Jinwoo Chong and Manuel Gonzales join One Story

One Story is thrilled to announce two new additions to our team: Jinwoo Chong, our new Editorial Assistant, and Manuel Gonzales, our new Contributing Editor.

Jinwoo Chong is an MFA candidate for fiction at Columbia University. His work has appeared or is forthcoming in CRAFT, Salamander, Tahoma Literary Review, The Forge, No Contact, and others. He serves as fiction editor for Columbia Journal.

Manuel Gonzales is the author of The Miniature Wife and Other Stories (Riverhead, 2012), winner of the Sue Kaufmann Prize for First Fiction and the John Gardner Prize for Fiction, and the novel, The Regional Office is Under Attack! (Riverhead, 2016), winner of an Alex Award from the YALSA, and he remembers with great excitement, even fourteen years later, the day Hannah Tinti reached out to tell him the editors at One Story would like to publish his story. He currently teaches creative writing and literature at Bennington College and is a core faculty member of the Bennington Writing Seminars.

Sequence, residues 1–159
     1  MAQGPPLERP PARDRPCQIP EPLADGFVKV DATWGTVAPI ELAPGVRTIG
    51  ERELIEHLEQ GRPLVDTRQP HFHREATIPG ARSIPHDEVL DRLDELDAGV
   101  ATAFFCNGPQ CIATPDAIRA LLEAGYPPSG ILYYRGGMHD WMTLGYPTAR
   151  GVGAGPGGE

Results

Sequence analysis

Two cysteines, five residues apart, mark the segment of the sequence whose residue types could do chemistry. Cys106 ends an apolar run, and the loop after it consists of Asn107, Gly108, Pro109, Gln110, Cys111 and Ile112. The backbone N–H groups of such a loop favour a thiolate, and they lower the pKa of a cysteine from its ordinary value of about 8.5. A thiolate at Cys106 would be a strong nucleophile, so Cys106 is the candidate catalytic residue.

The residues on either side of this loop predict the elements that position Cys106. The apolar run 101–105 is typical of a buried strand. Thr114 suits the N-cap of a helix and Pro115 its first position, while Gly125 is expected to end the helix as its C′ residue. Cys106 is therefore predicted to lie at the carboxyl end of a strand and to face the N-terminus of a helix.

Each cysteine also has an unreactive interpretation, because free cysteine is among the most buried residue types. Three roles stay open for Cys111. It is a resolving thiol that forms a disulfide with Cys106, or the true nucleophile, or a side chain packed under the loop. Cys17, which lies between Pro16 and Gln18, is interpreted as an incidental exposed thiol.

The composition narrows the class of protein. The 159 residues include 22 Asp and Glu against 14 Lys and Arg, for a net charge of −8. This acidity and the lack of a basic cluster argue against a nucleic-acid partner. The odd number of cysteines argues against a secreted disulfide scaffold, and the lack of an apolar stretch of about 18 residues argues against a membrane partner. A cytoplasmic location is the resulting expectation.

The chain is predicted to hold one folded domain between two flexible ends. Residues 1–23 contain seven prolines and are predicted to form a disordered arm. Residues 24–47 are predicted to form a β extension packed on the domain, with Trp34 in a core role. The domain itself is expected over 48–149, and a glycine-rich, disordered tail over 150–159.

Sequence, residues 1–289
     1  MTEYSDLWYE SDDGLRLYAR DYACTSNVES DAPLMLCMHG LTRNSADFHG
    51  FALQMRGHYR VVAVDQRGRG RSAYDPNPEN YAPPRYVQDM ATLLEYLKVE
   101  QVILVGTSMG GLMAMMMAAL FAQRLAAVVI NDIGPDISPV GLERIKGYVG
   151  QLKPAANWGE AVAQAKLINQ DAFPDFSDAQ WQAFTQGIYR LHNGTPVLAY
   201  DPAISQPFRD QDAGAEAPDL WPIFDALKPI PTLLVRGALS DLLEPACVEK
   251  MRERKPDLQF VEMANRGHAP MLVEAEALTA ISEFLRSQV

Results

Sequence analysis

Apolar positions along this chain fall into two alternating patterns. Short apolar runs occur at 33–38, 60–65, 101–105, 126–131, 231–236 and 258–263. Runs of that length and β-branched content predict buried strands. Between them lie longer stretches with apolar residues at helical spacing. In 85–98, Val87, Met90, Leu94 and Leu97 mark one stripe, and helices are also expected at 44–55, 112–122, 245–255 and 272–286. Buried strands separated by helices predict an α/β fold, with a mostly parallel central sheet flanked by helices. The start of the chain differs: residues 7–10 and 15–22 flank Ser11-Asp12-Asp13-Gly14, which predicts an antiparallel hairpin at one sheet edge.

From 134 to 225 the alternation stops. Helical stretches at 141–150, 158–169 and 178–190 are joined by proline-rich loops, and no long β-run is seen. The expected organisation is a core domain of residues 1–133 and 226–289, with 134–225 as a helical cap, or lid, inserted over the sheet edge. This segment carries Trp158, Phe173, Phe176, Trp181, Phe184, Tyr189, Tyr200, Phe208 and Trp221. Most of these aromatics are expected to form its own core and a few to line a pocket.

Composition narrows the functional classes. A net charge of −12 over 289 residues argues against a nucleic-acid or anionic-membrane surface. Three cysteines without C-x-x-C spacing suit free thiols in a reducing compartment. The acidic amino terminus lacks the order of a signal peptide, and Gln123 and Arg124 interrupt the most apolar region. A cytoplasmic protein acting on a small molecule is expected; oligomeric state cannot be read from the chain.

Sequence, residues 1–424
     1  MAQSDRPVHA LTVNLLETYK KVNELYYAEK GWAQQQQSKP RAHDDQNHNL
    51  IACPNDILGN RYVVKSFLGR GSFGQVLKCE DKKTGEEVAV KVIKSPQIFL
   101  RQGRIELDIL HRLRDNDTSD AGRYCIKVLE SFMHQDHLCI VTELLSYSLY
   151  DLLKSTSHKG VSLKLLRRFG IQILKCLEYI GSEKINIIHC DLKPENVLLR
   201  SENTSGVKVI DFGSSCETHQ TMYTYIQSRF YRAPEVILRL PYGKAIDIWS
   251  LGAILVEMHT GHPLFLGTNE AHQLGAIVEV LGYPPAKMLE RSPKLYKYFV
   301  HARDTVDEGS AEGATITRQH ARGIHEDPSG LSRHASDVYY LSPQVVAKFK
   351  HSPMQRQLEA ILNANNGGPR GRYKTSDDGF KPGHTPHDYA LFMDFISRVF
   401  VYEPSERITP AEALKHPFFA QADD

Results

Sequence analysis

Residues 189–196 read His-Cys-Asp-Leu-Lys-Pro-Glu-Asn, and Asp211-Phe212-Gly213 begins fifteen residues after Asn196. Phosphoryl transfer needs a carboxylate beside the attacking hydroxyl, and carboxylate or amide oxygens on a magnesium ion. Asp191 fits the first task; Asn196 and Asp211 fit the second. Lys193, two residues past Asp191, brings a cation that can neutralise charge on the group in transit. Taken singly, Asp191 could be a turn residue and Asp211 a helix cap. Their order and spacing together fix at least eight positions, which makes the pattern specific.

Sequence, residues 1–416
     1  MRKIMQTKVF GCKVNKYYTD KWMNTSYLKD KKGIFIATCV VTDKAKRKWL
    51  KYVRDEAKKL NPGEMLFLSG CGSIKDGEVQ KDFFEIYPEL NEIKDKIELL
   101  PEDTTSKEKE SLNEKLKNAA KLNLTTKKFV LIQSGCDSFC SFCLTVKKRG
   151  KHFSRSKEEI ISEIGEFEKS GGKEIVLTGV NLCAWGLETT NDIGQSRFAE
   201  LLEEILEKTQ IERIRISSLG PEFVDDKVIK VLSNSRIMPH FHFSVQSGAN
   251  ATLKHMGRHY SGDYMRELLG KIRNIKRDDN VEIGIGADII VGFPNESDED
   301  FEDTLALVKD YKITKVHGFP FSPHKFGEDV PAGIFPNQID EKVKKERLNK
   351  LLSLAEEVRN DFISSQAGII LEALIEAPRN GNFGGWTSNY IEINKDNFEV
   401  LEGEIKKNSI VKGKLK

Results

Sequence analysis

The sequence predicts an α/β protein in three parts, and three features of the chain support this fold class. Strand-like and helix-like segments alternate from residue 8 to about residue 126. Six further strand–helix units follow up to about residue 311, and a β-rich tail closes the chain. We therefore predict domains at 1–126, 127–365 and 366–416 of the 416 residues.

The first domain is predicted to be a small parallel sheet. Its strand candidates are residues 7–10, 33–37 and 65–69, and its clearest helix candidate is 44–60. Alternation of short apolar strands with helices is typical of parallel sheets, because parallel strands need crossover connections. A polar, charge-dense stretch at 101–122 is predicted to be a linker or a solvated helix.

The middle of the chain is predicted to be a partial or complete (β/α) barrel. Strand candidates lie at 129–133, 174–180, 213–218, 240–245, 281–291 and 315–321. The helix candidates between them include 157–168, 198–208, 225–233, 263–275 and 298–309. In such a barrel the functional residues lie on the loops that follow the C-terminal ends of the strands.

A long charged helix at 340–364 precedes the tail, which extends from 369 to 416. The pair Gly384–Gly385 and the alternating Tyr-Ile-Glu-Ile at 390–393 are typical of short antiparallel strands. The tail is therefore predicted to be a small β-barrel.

Please join us in welcoming Jinwoo and Manuel to the One Story family!

One Story Issue #270: Yohanca Delgado’s “The Rat”

One Story‘s very own Lena Valencia was just as impressed with this story by Yohanca Delgado as I was, so we decided to edit it together. It was great fun to do so, and Lena wrote a fantastic introduction to the story. Here it is! — PR

When outdoor dining opened in New York City in late June, there was a news item making the rounds: Rats, deprived of their usual diet of pizza and bagels during the city’s lockdown, were harassing al fresco diners. Though the idea of a rat scuttling into my $19 grain bowl is horrifying, there was something about the resilience of these creatures that I found amusing, even, dare I say it, inspiring. It was also a reminder that NYC was back, or, rather, had never left: there is no New York City without its vermin, after all.